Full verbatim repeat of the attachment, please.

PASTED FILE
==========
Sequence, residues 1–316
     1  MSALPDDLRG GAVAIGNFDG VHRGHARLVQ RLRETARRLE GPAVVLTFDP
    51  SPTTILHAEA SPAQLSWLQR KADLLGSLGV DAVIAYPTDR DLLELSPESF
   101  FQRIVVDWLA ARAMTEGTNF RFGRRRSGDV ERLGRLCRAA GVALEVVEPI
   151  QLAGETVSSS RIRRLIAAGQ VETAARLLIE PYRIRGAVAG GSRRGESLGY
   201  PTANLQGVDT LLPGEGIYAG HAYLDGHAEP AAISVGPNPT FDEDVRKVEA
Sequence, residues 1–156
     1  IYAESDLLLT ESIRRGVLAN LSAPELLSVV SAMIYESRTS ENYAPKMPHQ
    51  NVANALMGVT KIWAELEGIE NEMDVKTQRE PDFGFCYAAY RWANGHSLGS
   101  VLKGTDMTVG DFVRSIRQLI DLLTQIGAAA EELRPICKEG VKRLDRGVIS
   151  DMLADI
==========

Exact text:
Sequence, residues 1–316
     1  MSALPDDLRG GAVAIGNFDG VHRGHARLVQ RLRETARRLE GPAVVLTFDP
    51  SPTTILHAEA SPAQLSWLQR KADLLGSLGV DAVIAYPTDR DLLELSPESF
   101  FQRIVVDWLA ARAMTEGTNF RFGRRRSGDV ERLGRLCRAA GVALEVVEPI
   151  QLAGETVSSS RIRRLIAAGQ VETAARLLIE PYRIRGAVAG GSRRGESLGY
   201  PTANLQGVDT LLPGEGIYAG HAYLDGHAEP AAISVGPNPT FDEDVRKVEA
Sequence, residues 1–156
     1  IYAESDLLLT ESIRRGVLAN LSAPELLSVV SAMIYESRTS ENYAPKMPHQ
    51  NVANALMGVT KIWAELEGIE NEMDVKTQRE PDFGFCYAAY RWANGHSLGS
   101  VLKGTDMTVG DFVRSIRQLI DLLTQIGAAA EELRPICKEG VKRLDRGVIS
   151  DMLADI